Under federal law, the death penalty (or capital punishment) can be used under a variety of criminal circumstances. Federal offenses like murdering a government official, treason, kidnapping-related murders and even operating a large-scale drug ring can result in the death penalty.
In 1988, a federal death penalty law went into effect relating to murder in connection with a drug conspiracy. Since that time, six individuals have been sentenced to capital punishment as a result of the law. However, none of these individuals have — as of yet — been executed.
In 1994, another federal law was put into place, which expanded the possibility of a death penalty punishment with regard to sixty additional federal crimes. Three of those crimes do not involve murder. Those include treason, espionage and, yes, large-scale drug trafficking-related crimes.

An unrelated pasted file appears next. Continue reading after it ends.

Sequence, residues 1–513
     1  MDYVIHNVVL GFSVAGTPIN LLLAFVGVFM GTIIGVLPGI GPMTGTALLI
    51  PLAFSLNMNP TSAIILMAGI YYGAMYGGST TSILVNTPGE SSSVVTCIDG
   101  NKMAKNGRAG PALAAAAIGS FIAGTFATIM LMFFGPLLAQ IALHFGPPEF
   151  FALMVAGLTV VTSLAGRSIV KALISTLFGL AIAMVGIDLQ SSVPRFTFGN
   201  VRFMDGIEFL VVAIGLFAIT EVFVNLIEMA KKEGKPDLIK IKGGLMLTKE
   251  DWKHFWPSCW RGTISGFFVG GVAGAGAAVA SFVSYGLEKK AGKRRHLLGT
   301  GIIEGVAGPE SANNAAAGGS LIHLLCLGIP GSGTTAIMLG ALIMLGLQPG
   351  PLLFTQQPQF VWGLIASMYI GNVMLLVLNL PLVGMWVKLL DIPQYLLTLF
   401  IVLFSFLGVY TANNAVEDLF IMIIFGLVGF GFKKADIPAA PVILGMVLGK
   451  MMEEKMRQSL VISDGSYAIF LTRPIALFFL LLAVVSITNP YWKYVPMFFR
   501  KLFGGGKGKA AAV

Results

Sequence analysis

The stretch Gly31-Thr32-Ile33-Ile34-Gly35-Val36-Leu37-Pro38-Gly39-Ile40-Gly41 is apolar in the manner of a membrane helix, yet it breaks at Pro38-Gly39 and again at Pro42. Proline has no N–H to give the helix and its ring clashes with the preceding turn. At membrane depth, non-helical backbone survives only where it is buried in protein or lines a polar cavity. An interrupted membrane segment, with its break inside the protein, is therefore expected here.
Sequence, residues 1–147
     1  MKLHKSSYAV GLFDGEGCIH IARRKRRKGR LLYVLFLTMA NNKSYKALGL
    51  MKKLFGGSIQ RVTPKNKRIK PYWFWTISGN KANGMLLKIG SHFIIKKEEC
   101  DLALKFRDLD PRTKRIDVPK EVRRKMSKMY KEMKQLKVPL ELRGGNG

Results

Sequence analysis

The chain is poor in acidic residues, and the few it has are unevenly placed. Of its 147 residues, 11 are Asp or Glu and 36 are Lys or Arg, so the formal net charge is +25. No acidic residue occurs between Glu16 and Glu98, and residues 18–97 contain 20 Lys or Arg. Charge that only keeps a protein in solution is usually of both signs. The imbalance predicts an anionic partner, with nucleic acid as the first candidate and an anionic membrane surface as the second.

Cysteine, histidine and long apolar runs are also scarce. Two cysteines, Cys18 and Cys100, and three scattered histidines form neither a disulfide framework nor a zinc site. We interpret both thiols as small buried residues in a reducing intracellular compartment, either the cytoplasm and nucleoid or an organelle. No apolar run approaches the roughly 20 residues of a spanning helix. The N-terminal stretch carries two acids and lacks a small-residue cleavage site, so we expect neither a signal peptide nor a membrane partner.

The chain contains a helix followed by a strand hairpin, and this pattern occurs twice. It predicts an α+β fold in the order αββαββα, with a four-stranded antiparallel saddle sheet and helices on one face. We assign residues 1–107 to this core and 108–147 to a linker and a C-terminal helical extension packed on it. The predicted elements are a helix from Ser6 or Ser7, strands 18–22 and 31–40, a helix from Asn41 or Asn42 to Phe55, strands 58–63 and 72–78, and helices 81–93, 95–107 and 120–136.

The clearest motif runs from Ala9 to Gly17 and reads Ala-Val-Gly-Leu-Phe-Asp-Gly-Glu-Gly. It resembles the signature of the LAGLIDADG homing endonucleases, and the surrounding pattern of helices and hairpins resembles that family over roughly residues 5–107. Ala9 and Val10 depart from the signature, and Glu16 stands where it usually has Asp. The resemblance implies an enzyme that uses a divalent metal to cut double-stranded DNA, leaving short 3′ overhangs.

Another federal law — the Anti-Terrorism and Effective Death Penalty Act of 1996 — was put into place following the Oklahoma City bombing, which hit a federal building. The law allowed for the streamlining of the death penalty process so that convicted individuals will be put to death faster and reduce costs associated with carrying out such a punishment. That said, many have argued that this streamlining has increased the likelihood of innocent people being executed for crimes they did not commit.
Oklahoma City bomber, Timothy McVeigh was killed by way of lethal injection by federal authorities on June 11, 2001, making his the first federal execution after more than 38 years. Two other federal executions have also been performed since that time — both for murder crimes.
Source: Findlaw, “Capital Punishment at the Federal Level,” accessed July 22, 2015